Everyone seems to be jumping on the social network bandwagon these days, and things are unlikely to slow down given Microsoft’s valuation of Facebook at $15 billion.
There is certainly what Gartner calls a hype cycle at play with social networks – not just in general, but with each of them individually. Friendster was the first social network to falter into oblivion, and MySpace’s growth has considerably slowed down.
I remember reading a post a long time ago that was comparing social networks to trendy bars and restaurants: the people motivated by exclusivity move on to a new spot as soon as the crowds start to show up in the current one.
Social network fatigue will grow in parallel with, if not faster than the number of solicitations. Like for email newsletters, there is a finite amount of user time and attention available. Each new network brings dilution and accelerates the path to saturation. In that regard, Google’s somewhat ballyhooed launch of OpenSocial is a timely announcement even if it does not address the core issue of proliferation.
Behind the generic term “social networks”, I feel that there is in fact a number of different approaches. Here is my take at a quick and dirty classification of social networks.
1) In the first category (“connection networks”) you can of course find the most popular names, from Myspace and Facebook to Hi5 and Orkut. At the core of those services there is a “connection engine” and initially the main activity of the users is to accumulate contacts. Sharing becomes most gratifying after they reach a certain threshold in terms of network size.
2) Services like Plaxo Pulse or AIM Pages are built on existing connections like email address books or IM buddy lists. They are mainly adding a content sharing layer to communication tools, and that is why I nickname them “communication networks”.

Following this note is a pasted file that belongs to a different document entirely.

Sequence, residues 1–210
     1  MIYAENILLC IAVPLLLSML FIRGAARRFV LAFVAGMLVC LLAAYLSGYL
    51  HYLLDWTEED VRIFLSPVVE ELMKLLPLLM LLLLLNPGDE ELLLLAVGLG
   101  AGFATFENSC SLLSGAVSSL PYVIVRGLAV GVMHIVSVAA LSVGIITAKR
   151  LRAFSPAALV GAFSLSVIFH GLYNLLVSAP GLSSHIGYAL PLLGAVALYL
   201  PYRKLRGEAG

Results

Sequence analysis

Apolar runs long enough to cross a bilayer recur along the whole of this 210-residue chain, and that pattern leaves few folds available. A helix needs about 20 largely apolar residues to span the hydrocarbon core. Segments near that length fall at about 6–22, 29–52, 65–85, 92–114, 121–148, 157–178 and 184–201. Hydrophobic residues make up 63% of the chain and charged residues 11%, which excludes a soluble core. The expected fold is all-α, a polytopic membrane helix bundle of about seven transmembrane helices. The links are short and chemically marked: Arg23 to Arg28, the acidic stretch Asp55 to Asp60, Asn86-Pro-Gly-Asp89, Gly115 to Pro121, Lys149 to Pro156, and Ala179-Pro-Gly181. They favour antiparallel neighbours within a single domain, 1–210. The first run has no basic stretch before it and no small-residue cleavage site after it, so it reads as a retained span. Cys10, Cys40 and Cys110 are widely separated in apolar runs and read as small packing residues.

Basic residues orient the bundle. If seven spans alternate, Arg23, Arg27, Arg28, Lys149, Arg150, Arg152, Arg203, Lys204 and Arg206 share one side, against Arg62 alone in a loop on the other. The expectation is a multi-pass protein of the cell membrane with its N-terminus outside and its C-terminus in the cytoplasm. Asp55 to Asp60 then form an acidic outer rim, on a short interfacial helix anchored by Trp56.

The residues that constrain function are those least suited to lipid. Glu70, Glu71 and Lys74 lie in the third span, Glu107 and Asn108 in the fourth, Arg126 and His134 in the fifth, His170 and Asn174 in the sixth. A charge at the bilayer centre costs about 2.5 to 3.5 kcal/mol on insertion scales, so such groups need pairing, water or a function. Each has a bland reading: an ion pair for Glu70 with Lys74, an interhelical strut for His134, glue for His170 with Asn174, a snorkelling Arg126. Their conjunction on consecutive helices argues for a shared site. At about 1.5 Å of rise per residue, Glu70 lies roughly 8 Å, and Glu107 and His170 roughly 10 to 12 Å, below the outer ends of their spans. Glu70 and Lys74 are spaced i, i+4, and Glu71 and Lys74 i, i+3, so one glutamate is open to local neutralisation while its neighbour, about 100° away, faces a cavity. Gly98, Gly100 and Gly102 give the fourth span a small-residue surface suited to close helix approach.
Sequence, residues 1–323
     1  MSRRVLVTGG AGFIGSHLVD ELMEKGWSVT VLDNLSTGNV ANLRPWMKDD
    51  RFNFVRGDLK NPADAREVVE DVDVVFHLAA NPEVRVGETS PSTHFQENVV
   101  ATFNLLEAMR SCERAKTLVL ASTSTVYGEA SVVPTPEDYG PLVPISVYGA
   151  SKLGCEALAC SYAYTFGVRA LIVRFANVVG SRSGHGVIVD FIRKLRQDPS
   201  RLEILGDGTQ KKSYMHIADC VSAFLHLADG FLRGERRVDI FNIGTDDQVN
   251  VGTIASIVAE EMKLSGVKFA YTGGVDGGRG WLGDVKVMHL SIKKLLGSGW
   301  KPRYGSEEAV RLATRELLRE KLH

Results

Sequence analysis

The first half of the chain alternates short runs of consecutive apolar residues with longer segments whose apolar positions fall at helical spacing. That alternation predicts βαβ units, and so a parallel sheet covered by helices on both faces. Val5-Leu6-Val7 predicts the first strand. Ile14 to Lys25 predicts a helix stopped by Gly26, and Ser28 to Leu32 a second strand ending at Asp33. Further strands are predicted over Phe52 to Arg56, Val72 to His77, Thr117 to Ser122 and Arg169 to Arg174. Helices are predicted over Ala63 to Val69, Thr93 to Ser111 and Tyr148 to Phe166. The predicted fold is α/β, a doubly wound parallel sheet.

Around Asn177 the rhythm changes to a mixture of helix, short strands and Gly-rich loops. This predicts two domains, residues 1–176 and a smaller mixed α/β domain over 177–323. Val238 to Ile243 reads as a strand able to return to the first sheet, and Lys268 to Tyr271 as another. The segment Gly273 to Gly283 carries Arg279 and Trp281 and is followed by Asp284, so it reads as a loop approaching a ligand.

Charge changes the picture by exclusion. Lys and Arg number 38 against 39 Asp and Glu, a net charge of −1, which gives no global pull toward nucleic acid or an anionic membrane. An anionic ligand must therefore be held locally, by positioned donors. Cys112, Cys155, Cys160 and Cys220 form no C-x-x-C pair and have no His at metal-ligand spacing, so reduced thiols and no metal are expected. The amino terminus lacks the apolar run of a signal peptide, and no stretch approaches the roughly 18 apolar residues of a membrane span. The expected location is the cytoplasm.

While these first two types are intentionally generic, the other types of social networks are focused on narrower purposes. I would call them “topic networks”, “demographic networks”, and “media networks”.
3) Social networks like last.fm, LinkedIn, Xbox Live, and sermo.com gather users around a specific interest topic – respectively music, business, gaming, and medical research. Sites like Bebo or MySpace still very much reflect their original focus on music, but they have become less specialized over time.
4) Any topic can be discussed on social networs like eons.com (for people past 50 years old) and cafemom.com but membership satisfies specific demographic criteria.
5) Social networks on sites like usatoday.com or ESPN Sports Nation aim at increasing audience engagement, and as such remain secondary to “journalistic” content.
I would love to hear other opinions and comments on this: would you classify social networks differently? Do you see other categories? Can you think of other examples?